Tesla Reports Q1 Loses – Narrowly Beats Analyst Expectations

Tesla released their Q1 reports today, outlining millions in losses while trying to maintain optimism for the future. Within the Tesla shareholder letter, included below, they highlighted the mass-market appeal for their electric vehicles in astonishing pre order numbers for the Model 3, due at the end of 2017. Tesla touts their future mass market car as the biggest consumer product launch ever, citing $14 billion in future sales with over 325,000 reservations. In the present though,  first quarter non-GAAP net loss decreased 34% sequentially to $75 million, or $0.57 loss per share based on 133 million basic shares, while first quarter GAAP net loss was $282 million or $2.13 loss per basic share. Analysts had predicted a non-GAAP loss of 58 cents per share for Tesla.

The overall record production levels achieved were expected due to augmented Model X production, however Tesla failed to Model 3reach their projected level of deliveries for their new SUV. Instead, spiked interest in the Model S accounted for the increase, as orders were up 45% from Q1 last year. The company promises to be making significant progress in increasing production and plan to continue increasing total vehicle production to support over 50,000 deliveries in the second half of this year. Continuing to ramp high quality production is the top priority at Tesla right now. Additionally, Musk affirms their goal of 80,000 to 90,000 deliveries this year. It remains to be seen if Tesla can deliver on this lofty goal. This will have major implications for the future production timeline for the Model 3 and the future of Tesla as a whole. Tesla will have to prove to investors and the industry that it deserves its market value of $31 billion.

Telsa Shareholder Letter (pdf)

CNBC Analysis

6 comments to Tesla Reports Q1 Loses – Narrowly Beats Analyst Expectations

  • adamsm19

    Recently Tesla has derived its profits in large part by selling its emissions credits under a Cap and Trade system. This, however, is not a sustainable business model in the long term given Tesla’s inability to turn a profit selling cars. If Tesla continues to lose money and fail to meet production goals it probably won’t be able to release the produce the anticipation Model 3 in quantities necessary to turn the company around.

  • barnettt18

    I find it interesting that Tesla has shown negative profits despite the increased hype received by the company in light of recent news of the Tesla Model 3 and the Bioweapon Defense Mode marketing ploy that Elon Tusk has recently pandered to the environmental community. Tesla needs to dramatically improve its production and sales if they want to meet quarterly profit figures that satisfy their investors and put them in good financial terms. I agree that the company will have to prove that it is worth $31 billion dollars, but many valuations within private equity and finance are inflated beyond reality in the first place. It will be fascinating to see how Tesla pulls out a fast one in light of the recent news that they are down in profits recently.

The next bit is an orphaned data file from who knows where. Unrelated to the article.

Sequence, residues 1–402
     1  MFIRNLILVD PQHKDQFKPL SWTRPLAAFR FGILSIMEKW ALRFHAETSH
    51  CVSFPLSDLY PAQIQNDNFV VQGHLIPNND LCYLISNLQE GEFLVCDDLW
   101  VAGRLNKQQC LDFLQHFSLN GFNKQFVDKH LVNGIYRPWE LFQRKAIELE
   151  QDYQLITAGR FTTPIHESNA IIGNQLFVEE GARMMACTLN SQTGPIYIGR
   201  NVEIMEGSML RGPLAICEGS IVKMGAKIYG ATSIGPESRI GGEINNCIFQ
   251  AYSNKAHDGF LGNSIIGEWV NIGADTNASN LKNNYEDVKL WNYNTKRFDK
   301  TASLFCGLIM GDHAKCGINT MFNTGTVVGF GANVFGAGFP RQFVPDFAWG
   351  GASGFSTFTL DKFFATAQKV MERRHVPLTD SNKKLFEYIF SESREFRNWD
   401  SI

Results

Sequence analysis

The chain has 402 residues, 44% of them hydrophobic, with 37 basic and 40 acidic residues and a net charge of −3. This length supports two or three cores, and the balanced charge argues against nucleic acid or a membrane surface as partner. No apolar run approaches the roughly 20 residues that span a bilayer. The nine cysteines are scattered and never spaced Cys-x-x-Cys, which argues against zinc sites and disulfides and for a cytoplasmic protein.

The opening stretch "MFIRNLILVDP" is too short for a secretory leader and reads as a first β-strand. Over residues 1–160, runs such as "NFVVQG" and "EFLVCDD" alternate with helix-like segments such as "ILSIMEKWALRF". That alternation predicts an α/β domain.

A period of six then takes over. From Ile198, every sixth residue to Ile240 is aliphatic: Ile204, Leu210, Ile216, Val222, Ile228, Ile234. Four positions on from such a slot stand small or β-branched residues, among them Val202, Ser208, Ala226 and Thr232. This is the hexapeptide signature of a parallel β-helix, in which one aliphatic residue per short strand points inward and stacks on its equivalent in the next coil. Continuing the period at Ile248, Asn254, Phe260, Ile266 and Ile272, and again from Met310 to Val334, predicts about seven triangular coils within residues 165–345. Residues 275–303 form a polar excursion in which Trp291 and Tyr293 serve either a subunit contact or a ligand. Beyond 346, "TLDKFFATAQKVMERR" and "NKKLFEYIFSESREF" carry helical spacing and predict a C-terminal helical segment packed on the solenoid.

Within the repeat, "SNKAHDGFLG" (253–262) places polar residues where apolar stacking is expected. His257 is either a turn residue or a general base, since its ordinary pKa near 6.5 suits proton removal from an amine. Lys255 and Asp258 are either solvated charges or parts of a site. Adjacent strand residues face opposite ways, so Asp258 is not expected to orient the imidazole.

Thomas Barnett

  • hochstadtd18

    Moreover, this is a continuation of the trend of Tesla reporting quarterly losses. Also although the pre-orders on the Model 3 look enticing to potential investors we can see how Tesla managed to “mess up” its deliveries: ”Tesla said delivering some “cars was physically impossible due to a combination of customers being on vacation, severe winter weather and shipping problems (with actual ships).” Finally, Elon Musk in a statement attributed its drop in sales for Q4 2015 to, “one-time manufacturing inefficiencies, a strong dollar and lower than expected deliveries.” If these issues are not dealt with, we can expect to see more losses from Tesla because as Michael pointed out, it is not sustainable for Tesla to rely on Cap and Trade profits.

    Source: http://www.wsj.com/articles/the-tesla-paradox-1423786534

  • platte16

    Tesla provides a new source of competition for the preexisting car manufacturers. Their potential to make a dent in the environmentally conscious market has led other manufacturers, like GM, to develop better technology. As a new manufacturer, Tesla does not have the existing infrastructure to operate at a comparable cost to other manufacturers. Tesla releases all patents to the public domain and other manufacturers have made use of these patents making lower emission cars a reality. Although Tesla may not have the business structure to last as long as firms such as Ford, they are playing an integral part in spurring development in lower emission cars and doing their part to combat climate change.

    • GM had the Volt under development before Tesla existed; in an earlier era they turned out the experimental EV1, which had most of the design – engineering systems used by Tesla, albeit at a time when electronics and batteries were too primitive to be viable. Members of that team do however continue to work on electric vehicles, so GM has kept the knowledge gained.

      I’m not convinced however that there’s much evidence consumers are interested, only governments. With generous enough in the way of subsidies….

  • Since at the earliest it will be the end of CY2017 before the Model 3 is available in limited numbers, Tesla faces at least 7 more quarters with just their two current models. Do they have $2 billion in cash that they can burn in the interim, assuming of course that the Model 3 when launched both sells well and covers costs sufficient to generate positive cash flow?